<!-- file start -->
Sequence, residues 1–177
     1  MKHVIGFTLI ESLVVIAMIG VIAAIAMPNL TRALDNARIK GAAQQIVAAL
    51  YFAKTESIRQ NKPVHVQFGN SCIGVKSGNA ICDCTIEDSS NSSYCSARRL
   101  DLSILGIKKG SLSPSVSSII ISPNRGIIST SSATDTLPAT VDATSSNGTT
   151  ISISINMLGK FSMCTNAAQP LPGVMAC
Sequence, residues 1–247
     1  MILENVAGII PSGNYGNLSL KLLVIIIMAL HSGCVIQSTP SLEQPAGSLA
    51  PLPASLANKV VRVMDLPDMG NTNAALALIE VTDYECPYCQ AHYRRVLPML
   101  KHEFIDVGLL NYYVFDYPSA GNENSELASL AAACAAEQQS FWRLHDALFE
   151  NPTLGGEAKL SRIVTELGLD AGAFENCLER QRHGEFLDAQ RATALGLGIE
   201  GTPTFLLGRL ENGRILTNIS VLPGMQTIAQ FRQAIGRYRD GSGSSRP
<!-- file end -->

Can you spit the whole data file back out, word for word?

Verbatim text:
Sequence, residues 1–177
     1  MKHVIGFTLI ESLVVIAMIG VIAAIAMPNL TRALDNARIK GAAQQIVAAL
    51  YFAKTESIRQ NKPVHVQFGN SCIGVKSGNA ICDCTIEDSS NSSYCSARRL
   101  DLSILGIKKG SLSPSVSSII ISPNRGIIST SSATDTLPAT VDATSSNGTT
   151  ISISINMLGK FSMCTNAAQP LPGVMAC
Sequence, residues 1–247
     1  MILENVAGII PSGNYGNLSL KLLVIIIMAL HSGCVIQSTP SLEQPAGSLA
    51  PLPASLANKV VRVMDLPDMG NTNAALALIE VTDYECPYCQ AHYRRVLPML
   101  KHEFIDVGLL NYYVFDYPSA GNENSELASL AAACAAEQQS FWRLHDALFE
   151  NPTLGGEAKL SRIVTELGLD AGAFENCLER QRHGEFLDAQ RATALGLGIE
   201  GTPTFLLGRL ENGRILTNIS VLPGMQTIAQ FRQAIGRYRD GSGSSRP